Caping for Giants and Contributing to the Silencing of a People

Aug 19, 2017 | Technology

[vc_row][vc_column][vc_column_text]Supporting Net Neutrality, the practice of keeping the internet accessible, open, and competitive for all comers, not just those who can afford to pay a premium for access, would seem to be a no-brainer for traditional civil rights organizations and their constituencies.

However, counterintuitive as it may be, both the NAACP and the Urban League have thrown their support behind big telecoms when it comes to the current fight over Net Neutrality, which is problematic because this is a fight to determine whose voices will be heard in a marketplace with fewer players and fewer real choices.

The 1996 Telecommunications Act was responsible for a precipitous drop in Black-owned media and in the diversity of voices in the public sphere.  A June 2012 article in the Grio, titled Black media groups confront the FCC on the ‘demise of black radio, stated:

Black radio ownership and voices have been spiraling backwards since the Telecomm Act of 1996,” Paul Porter, the co-founder of media watchdog Industry Ears, told theGrio. “It’s time for the FCC to take a serious look and right the wrong of the muted mess we call Black radio today.”1

While conditions in the traditional Black media sphere have continued to worsen, a free, fair and open internet could help mitigate some of the effects of media consolidation by providing more democratic opportunities. The fight for an open internet is where the seams of more traditional civil rights organizations and a newer crop of social justice activists come apart.

The Digital Divide—the gap between the information rich and information poor—is the subject of much discussion. To bridge some racial distortions in the use and adoption of the internet, the federal government as developed programs in conjunction with major telecoms and internet service providers, such as AT&T, Verizon and others, which (for a limited time) offer low-cost internet to low income communities. However, regardless of how helpful these programs are, there is still much to be done.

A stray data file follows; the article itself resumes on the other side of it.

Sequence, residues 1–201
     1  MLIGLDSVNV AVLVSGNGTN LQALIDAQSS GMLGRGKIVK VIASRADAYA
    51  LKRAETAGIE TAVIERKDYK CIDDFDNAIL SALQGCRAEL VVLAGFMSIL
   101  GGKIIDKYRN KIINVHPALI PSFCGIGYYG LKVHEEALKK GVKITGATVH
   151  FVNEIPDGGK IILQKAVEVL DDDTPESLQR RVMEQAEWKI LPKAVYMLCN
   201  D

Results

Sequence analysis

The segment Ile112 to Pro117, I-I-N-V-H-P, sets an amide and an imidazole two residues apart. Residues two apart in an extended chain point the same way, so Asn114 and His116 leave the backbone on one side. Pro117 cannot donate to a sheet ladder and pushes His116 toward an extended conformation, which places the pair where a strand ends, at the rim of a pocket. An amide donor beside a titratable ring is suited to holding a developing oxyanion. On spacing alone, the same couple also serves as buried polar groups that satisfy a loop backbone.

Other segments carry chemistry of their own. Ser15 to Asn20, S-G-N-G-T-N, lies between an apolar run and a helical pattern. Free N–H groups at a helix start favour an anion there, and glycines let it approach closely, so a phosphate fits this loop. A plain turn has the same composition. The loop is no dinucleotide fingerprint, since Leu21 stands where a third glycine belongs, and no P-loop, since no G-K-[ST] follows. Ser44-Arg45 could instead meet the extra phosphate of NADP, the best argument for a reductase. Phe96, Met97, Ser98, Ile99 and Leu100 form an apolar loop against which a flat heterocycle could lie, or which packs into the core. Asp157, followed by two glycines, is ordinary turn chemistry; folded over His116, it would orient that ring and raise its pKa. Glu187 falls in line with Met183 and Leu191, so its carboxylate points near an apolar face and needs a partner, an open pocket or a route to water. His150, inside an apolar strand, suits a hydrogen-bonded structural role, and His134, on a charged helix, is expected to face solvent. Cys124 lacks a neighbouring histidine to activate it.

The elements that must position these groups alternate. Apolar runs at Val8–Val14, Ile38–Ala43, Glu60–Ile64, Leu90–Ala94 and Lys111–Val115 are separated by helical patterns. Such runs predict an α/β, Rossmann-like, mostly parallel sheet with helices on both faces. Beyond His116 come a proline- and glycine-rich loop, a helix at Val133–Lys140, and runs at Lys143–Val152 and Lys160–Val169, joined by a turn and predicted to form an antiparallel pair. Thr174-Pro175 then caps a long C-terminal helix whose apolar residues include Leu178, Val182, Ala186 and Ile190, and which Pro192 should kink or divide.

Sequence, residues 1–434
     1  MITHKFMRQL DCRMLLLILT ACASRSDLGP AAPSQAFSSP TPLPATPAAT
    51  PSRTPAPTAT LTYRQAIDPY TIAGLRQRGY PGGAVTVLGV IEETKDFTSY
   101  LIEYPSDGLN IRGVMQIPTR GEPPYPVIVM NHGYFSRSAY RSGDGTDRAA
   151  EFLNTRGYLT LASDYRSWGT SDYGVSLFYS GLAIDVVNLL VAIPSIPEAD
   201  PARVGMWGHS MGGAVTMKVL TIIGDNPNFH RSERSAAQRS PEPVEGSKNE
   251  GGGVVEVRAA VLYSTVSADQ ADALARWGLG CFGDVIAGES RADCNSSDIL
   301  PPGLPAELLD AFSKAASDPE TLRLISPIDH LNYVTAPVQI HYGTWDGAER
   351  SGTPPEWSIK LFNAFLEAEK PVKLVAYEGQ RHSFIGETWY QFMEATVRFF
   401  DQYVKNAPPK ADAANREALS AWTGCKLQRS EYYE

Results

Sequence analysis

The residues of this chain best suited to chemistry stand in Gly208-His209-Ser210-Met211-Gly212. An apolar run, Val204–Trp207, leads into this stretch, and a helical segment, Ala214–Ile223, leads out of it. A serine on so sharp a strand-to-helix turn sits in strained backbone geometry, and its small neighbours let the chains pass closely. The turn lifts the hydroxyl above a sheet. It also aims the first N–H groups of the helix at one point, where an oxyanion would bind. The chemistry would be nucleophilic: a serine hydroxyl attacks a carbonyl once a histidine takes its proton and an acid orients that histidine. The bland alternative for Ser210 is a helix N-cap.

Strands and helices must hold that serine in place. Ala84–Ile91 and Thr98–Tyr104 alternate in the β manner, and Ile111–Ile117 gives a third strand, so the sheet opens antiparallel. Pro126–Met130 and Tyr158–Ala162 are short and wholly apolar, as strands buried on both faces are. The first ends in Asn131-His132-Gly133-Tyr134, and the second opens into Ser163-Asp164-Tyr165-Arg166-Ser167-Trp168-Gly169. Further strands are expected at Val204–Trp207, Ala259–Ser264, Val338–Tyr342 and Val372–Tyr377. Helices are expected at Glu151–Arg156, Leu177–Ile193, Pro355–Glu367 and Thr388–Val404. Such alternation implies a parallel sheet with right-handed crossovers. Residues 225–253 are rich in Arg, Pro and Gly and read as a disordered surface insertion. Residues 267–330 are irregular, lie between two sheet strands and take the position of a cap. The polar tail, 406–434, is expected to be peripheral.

While there is consensus that the digital information gap has narrowed somewhat, there are still large differences in the way African Americans and others access and use the internet.

In 2015, Black Enterprise Magazine wrote an article on a Pew Research Report, which found that the use of high speed internet access had declined in African American homes by eight percent in the two previous years (2013-2014) from 62 percent to 54 percent.2

This reversal of adaptation (internet use) unsurprisingly corresponded with a decline in Black wealth since the beginning of the Great Recession.  According to a June 2015 article in Business Insider, the recession was “… much, much worse for African Americans.” In part because home equity, as a percentage, is a larger share of African American wealth than that of other races, and Blacks’ remaining wealth has recovered at much slower rates than that of White homeowners, for structural and historical reasons.3

This decline in wealth presents itself in a reduced ability to pay for goods and services.  When discussing the decline of high-speed internet use in African American homes in 2015, a Black Enterprise Magazine article written by Samara Lynn stated:

Economics and smartphone use are two main contributing factors. Homes with income levels from $20,000 to $75,000 per year were dropping high-speed Internet service at consistent rates, but households with lower incomes were more likely to move to mobile-only Internet access.4